• agent 758 says:

    There was reason that God wanted these people utterly wiped out. Now the question is did Israel follow what God told them to do? The answer is no they did not so let’s look at what has happened. Israel went whoring after other Gods all through the Old Testament They were attacked by these people they were suppose to wipe out and to this day these descendants of these peoples are still attacking Israel. God had even said this would happen.

    Num 33:55 But if ye will not drive out the inhabitants of the land from before you; then it shall come to pass, that those which ye let remain of them [shall be] pricks in your eyes, and thorns in your sides, and shall vex you in the land wherein ye dwell.

    For the last four thousand years or so these people have vexed the Children of Israel. The Israeli’s could kill a few hundred, or thousands upon thousands could and would die. They chose the latter and we can see all the blood that was spilled over the years.

    How would the Middle East be different today if those who were told to do something had just followed through on what God told them to do? When God says to do something you should just follow through and save yourself a hundred times maybe thousands of the times the misery.

    Look at what happened within Israel how many times does it state in the Old Testament that Israel was whoring after other Gods who these same people worshiped. How many times did God have to come to their rescue because they had abandoned God and they were in a mess because of it? Ever seen the artifacts from the houses in Israel when they do archeological digs and they find all kinds of idols in almost every house.

    It would have saved many lives if Israel had just done what they were told when it was originally told to them.

  • Gene says:

    God did, in fact, ordered those genocides but there is a principle involved that is often overlooked. While He is a God of grace and love He is also a God of justice. Man was created to bear the image of the divine, and for those cultures who persistently drag God’s name through the mud, so to speak, by thier unrelenting idolatry and sin, He extends grace to repent, yet there comes a day of Judgment if they refuse(Jonah, 3:4; Ge. 15:16; 18:22-33). One must remember that He judged His own people, Israel, for the very same things, the Babylonians bashed the heads of their children against rocks!(Eze. 16:44-58; Ps. 137:1, 8-9). God’s ultimate purposes for man and creation are Shalom, but judgment must preceed shalom, else shalom cannot come. Or to put it another way, shalom will one day come and God’s love and peace will be ever present to all people, but only because He judges those who persist in wickedness.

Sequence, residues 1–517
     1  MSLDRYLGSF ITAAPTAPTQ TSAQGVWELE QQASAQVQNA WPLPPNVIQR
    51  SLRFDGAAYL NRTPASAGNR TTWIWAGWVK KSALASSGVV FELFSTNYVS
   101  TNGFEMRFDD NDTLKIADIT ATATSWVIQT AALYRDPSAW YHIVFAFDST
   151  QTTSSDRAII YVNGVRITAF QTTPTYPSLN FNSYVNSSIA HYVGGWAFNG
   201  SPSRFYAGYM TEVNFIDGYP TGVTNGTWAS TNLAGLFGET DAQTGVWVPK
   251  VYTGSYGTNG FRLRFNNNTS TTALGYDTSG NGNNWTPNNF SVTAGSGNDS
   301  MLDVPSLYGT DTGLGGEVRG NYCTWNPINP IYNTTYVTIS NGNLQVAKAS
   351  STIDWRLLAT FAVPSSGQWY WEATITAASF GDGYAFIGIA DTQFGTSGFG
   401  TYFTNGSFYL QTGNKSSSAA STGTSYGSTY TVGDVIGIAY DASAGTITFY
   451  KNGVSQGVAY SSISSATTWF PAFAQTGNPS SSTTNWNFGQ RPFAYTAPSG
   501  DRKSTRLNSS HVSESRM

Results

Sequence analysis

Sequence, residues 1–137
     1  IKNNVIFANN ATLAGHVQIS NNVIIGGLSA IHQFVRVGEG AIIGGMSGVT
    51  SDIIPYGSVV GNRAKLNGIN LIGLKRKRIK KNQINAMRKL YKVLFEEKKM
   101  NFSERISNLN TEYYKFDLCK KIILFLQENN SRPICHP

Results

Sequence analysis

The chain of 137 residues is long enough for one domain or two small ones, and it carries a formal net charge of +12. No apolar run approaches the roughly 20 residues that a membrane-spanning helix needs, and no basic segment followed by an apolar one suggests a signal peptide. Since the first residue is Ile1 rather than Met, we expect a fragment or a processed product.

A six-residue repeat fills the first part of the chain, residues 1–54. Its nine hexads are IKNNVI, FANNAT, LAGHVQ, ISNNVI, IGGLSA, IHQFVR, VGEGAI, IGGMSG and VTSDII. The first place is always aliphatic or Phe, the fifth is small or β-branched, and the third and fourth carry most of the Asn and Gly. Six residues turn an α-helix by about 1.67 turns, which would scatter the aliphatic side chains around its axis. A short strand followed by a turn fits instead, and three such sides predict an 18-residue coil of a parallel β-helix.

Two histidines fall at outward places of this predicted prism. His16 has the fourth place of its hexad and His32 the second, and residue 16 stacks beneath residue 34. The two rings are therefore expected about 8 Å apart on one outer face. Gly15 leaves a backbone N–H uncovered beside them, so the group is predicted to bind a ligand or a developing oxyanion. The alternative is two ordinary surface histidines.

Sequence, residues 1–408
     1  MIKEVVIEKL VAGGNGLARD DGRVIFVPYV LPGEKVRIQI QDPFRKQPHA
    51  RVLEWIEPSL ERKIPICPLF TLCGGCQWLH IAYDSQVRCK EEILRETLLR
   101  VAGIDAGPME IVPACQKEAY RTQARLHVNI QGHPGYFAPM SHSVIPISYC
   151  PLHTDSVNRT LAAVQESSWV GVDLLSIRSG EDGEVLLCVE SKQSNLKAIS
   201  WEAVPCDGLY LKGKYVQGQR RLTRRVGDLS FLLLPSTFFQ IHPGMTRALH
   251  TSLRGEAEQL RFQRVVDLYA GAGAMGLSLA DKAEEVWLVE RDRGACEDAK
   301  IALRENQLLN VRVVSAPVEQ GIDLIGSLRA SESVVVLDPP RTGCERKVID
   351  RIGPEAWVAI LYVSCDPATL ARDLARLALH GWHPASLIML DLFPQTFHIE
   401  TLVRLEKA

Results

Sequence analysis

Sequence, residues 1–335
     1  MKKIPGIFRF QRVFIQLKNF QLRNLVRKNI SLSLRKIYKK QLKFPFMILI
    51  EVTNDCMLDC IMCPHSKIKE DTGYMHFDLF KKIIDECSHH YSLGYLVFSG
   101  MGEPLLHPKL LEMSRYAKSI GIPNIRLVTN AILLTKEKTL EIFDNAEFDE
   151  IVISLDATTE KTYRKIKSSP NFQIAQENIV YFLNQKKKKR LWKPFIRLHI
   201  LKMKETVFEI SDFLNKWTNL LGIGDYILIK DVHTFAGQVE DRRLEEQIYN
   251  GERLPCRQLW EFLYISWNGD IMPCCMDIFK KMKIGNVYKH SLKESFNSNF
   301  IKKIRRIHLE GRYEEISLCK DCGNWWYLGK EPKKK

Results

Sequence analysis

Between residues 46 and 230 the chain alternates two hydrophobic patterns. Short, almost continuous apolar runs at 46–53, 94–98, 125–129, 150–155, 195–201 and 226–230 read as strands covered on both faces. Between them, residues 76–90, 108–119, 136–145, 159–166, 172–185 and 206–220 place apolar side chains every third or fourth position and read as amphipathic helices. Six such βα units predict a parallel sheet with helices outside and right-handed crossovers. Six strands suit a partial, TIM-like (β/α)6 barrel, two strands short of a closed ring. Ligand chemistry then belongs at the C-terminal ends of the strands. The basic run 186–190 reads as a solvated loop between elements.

• peg says:

    My first thought was, (are they innocent)? How do we know what they will become, only God knows. And then, what is death? Is it the end, or just the beginning. Did God really save them from a life that would lead to destruction? God is fair and just. The bible says so. If I believe everything in the bible, I know that God did not kill those women and children for no good reason. His ways are higher than our, and His thoughts are higher than ours. I cannot compare with Him, so I would have to say….I don’t know why God did that, but I know He loved them…John 3:16. Thank you, Peg

  • BJ says:

    I am glad to hear that you are raising this topic. I have been challenged as how to adequately respond. I look forward to hearing what you readers have to say.

  • Nozuko says:

    The Canaanites were like cancer or gangrene because of their idol worship, bestiality, etc. As harsh and unkind as it is to cut a part of the body with these infections, it saves the rest of the body. In the old testament people could not cast out demons and the only way to stop demonic activities was to destroy everything. God in His kindness to the rest of the human race commanded the Israelites to completely cut out the Canaanites.

  • Sometimes, when evil is so pronounced, God feels justified because it would corrupt his chosen people. They offered their children as sacrifices, engaged in cannabalism, among other things. If his chosen were to inhabit the land, they just can’t co-exist with such evil and survive. Sodom and Gommorrah were so corrupt, even the babies were.

  • Joel says:

    In the old testament we learn how the Jews perceived God. Some times they got it right, some times they got it wrong. When it came to war mongering, they had it wrong and we still have it wrong. Jesus came to set us straight. We are to love each other not kill each other. We are to give and not take, we are to forgive even suffer for others etc. The heart of the Bible are the four gospels. Don’t be confused by the rest of the Bible, it is a valuable reference and teaches us what not to do as much as what to do. Let the Holy Spirit And the words of Jesus be your teacher, don’t listen to men. In my opinion.

  • shad says:

    God never ordered the destruction of both inocent and evil in the land. He always put the different and offer option of escape for both evil and good in the land. Example- time of sodom and Gomorah,and all the evil nations that refused to heed to His warnings. God’s Love and love doesn’t hurt any. Mankind is either make or marred by their choice, that’s why Joshua said to Isrealites “Chose ye this day who you will serve, as for me and my house we will serve the living God”.

  • Kevin says: